What liars can tell us about the knowledge norm of practical reasoning

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5 Scopus citations

Abstract

If knowledge is the norm of practical reasoning, then we should be able to alter people's behavior by affecting their knowledge as well as by affecting their beliefs. Thus, as Roy Sorensen (2010) suggests, we should expect to find people telling lies that target knowledge rather than just lies that target beliefs. In this paper, however, I argue that Sorensen's discovery of "knowledge-lies" does not support the claim that knowledge is the norm of practical reasoning. First, I use a Bayesian framework to show that in each of Sorensen's examples, knowledge-lies alter people's behavior by affecting their beliefs. Second, I show that while we can imagine lies that target knowledge without targeting beliefs, they cannot alter people's behavior. In other words, knowledge-lies actually work (i.e., manipulate behavior) by targeting beliefs or they do not work at all.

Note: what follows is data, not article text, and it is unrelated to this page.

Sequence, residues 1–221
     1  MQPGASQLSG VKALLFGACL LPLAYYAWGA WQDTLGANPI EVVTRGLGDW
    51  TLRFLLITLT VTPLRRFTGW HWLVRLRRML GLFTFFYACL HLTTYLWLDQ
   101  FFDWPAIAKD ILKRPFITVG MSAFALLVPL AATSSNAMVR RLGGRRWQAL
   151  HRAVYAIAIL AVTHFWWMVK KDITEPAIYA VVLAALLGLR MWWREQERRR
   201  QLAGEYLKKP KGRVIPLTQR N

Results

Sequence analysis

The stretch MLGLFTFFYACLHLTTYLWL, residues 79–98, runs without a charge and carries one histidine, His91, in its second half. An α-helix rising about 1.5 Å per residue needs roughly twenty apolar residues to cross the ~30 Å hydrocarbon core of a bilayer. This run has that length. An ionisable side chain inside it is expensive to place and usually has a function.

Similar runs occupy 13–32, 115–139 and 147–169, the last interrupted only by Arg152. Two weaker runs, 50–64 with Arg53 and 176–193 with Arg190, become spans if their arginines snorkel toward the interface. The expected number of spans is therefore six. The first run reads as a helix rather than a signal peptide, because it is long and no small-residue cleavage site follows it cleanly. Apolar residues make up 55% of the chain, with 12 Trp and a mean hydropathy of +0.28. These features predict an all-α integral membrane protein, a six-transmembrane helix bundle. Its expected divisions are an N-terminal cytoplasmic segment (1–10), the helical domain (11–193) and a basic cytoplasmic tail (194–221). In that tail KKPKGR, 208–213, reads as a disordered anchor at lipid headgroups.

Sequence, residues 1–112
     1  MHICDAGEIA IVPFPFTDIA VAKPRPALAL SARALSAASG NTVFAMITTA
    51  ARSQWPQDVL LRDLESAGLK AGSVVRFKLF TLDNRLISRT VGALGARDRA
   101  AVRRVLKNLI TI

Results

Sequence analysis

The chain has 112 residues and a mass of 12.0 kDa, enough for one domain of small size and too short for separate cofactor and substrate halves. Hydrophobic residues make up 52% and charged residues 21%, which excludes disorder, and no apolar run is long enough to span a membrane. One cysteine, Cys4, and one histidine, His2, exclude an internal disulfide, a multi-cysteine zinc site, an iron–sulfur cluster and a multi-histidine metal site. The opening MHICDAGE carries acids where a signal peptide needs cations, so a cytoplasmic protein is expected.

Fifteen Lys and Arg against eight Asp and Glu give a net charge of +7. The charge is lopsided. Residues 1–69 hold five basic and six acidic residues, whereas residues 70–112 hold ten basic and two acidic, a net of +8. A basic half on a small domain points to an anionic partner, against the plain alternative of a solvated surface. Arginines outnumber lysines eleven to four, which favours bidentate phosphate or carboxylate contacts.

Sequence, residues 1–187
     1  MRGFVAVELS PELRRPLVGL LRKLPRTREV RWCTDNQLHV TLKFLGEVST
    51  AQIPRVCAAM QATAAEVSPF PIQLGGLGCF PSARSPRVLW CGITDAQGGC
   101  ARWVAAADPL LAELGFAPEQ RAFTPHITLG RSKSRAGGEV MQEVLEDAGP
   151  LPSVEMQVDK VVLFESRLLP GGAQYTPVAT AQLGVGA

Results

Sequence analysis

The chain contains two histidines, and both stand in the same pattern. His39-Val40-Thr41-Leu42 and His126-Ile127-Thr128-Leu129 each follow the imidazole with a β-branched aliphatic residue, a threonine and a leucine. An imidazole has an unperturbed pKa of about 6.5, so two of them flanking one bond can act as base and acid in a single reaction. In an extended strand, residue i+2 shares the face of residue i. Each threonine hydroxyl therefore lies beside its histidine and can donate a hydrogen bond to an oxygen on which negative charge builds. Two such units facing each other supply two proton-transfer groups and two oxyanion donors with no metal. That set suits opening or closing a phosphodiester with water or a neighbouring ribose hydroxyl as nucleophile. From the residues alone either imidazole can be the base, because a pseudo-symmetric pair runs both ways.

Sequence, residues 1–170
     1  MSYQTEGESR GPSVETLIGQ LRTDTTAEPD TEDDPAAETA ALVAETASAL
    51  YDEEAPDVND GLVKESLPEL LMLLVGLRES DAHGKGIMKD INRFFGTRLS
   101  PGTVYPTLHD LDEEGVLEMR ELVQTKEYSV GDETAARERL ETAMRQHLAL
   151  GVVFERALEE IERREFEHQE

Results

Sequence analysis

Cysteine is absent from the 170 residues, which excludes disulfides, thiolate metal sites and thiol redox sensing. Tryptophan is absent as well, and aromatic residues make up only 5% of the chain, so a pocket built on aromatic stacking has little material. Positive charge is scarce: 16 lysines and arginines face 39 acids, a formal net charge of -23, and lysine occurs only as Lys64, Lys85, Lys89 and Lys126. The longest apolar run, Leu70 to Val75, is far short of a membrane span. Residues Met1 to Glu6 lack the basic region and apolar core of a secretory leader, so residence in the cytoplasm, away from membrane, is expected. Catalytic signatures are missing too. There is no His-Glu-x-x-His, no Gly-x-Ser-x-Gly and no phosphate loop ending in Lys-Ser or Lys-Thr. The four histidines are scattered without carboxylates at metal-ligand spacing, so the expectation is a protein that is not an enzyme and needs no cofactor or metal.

Original languageEnglish (US)
Pages (from-to)347-367
Number of pages21
JournalSouthern Journal of Philosophy
Volume49
Issue number4
DOIs
StatePublished - Dec 2011

ASJC Scopus subject areas

  • Philosophy

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